Richard Nixon says goodbye with to his staff members outside the White House as he boards a helicopter after resigning the presidency on August 9, 1974. (AP Photo)

A new documentary film making the festival circuit and due to hit theaters later this month titled Our Nixon will debut tonight on CNN.

It’s based on recently released home movies shot during President Richard M. Nixon’s White House years by top aides H.R. Haldeman, John Ehrlichman and Dwight Chapin—before all three resigned and went to (country club) prison, that is. The footage, which lacks sound, had been seized by FBI and stored in a vault for decades.

The film also includes snippets of dialogue from the Nixon tapes, and other audio tapes, interspersed and in roughly chronological fashion, so we follow Nixon from his inauguration in 1969, through the antiwar protests, the trip to China, etc. and on to Watergate and his resignation. We also see a few later reflections by the three men who shot the footage. Directed by Penny Lane, the film is fairly straightforward, though often with a hint of dark humor—and some aptly offbeat music on the soundtrack.

A highlight (or lowlight) is the president, Haldeman and Ehrlichman on tape discussing in 1971 an episode of the then-new TV series All in the Family.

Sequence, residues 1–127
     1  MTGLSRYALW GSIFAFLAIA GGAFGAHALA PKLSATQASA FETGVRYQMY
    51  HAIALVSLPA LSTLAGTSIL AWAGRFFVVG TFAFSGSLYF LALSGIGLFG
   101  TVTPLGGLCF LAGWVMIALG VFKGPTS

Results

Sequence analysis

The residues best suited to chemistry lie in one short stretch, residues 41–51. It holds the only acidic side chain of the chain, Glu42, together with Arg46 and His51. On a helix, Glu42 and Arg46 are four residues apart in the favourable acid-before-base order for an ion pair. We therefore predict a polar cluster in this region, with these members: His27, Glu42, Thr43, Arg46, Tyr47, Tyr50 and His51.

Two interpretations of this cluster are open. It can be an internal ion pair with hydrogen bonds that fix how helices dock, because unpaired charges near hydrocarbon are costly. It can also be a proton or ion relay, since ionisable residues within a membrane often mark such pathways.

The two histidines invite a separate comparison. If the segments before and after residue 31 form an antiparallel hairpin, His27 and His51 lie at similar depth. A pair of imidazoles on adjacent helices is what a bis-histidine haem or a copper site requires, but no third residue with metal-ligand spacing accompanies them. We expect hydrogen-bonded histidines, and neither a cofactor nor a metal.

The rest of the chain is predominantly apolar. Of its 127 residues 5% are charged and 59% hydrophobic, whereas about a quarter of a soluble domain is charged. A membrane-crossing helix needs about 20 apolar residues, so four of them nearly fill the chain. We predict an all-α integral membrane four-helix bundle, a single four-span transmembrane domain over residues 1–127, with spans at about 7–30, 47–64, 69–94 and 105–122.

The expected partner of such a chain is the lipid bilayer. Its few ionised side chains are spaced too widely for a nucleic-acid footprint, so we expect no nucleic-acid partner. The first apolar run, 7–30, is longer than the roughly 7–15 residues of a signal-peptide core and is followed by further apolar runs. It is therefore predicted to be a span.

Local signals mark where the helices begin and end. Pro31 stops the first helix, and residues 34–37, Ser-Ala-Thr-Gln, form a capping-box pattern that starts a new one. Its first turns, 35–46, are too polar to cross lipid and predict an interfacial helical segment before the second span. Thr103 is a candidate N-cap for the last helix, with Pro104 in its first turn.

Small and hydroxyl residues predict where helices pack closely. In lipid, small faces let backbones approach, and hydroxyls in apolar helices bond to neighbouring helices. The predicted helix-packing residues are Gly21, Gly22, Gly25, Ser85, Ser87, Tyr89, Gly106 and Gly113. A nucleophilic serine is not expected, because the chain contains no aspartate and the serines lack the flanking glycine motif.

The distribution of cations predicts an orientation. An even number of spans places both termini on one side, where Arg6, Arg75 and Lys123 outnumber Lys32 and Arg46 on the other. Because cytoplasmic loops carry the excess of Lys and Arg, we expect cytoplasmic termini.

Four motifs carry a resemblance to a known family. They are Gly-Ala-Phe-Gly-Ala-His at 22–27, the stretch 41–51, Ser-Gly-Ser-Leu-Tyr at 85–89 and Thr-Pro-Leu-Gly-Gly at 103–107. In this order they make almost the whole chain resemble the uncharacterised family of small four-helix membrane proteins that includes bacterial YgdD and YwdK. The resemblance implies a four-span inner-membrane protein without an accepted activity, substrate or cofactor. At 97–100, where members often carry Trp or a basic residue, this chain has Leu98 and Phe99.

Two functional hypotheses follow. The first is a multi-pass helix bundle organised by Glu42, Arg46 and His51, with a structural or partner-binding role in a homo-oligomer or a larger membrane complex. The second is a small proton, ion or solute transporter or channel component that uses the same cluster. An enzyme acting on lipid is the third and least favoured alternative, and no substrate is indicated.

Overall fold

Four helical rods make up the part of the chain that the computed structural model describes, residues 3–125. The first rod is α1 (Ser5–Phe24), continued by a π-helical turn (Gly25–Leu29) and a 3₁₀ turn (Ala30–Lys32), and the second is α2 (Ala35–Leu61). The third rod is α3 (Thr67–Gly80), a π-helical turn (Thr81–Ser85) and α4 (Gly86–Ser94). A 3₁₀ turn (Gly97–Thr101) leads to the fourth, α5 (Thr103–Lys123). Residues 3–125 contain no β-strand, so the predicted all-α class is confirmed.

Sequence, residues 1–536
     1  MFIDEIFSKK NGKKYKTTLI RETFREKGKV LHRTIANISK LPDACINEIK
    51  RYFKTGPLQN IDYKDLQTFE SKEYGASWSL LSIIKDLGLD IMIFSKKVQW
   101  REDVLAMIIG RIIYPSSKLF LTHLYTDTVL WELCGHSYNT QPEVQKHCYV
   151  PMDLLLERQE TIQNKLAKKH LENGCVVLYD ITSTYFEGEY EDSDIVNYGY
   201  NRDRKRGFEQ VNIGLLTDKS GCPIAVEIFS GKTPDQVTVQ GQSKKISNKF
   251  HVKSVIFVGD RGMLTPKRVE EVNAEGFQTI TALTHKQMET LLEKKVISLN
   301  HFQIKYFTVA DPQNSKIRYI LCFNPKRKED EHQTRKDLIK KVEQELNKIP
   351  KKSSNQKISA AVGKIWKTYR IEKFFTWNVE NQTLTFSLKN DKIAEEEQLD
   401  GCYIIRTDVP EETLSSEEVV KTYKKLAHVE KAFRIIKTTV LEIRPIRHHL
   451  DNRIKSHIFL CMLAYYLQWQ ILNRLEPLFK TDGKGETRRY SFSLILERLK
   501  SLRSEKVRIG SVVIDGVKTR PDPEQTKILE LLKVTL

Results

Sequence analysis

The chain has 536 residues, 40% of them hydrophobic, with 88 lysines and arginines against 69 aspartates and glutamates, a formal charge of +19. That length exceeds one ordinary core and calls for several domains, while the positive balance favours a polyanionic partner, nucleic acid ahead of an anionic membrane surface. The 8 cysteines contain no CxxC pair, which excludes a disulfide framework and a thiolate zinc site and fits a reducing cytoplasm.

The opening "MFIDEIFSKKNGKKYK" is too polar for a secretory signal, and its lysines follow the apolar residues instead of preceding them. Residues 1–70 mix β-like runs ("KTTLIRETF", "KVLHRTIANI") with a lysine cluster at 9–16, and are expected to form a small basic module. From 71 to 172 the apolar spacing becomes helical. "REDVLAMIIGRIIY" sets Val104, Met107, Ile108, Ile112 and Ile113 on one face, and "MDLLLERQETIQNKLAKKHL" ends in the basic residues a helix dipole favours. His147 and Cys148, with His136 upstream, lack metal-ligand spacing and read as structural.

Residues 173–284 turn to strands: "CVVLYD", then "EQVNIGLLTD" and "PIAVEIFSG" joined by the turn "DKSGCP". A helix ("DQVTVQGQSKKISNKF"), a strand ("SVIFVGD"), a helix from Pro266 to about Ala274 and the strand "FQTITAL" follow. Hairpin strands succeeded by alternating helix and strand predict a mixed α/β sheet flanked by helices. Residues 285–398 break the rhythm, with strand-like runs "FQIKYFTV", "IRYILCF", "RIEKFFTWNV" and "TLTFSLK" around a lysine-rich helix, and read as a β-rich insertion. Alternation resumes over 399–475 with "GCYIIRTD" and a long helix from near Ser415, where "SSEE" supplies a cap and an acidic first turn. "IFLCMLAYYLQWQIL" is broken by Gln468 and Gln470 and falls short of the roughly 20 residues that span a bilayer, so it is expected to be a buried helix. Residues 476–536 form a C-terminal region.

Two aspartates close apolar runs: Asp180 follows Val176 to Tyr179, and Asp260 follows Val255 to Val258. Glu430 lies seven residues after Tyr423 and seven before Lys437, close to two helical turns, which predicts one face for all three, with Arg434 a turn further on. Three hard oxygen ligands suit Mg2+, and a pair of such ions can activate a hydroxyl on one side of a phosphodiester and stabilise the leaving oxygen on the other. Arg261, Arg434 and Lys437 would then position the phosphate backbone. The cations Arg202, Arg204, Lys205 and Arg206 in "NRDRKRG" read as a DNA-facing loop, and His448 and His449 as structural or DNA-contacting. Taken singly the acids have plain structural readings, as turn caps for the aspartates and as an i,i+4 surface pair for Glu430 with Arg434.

Nixon had just stumbled on it, searching for a baseball game, and was shocked by its alleged glorification of “queers,” “fags” and “homos,” and favoring the “hippie-son-in-law” (played by Rob Reiner) over the “hardhat” Archie Bunker.

“Do you know what happened to the Romans? The last six Roman emperors were fags,” Nixon points out. “The last six. Nero had a public wedding to a boy. Yeah.” And: “You know what happened to the popes? It’s all right that popes were laying the nuns, that’s been going on for years, centuries.”

Dope, “immorality” and homosexuality threatening to destroy USA—that’s why lefties are pushing them. And don’t get Nixon started on the Jews and blacks!

Here’s the full conversation, with subtitles, below. Partial transcript here. My well-known Nixon book here.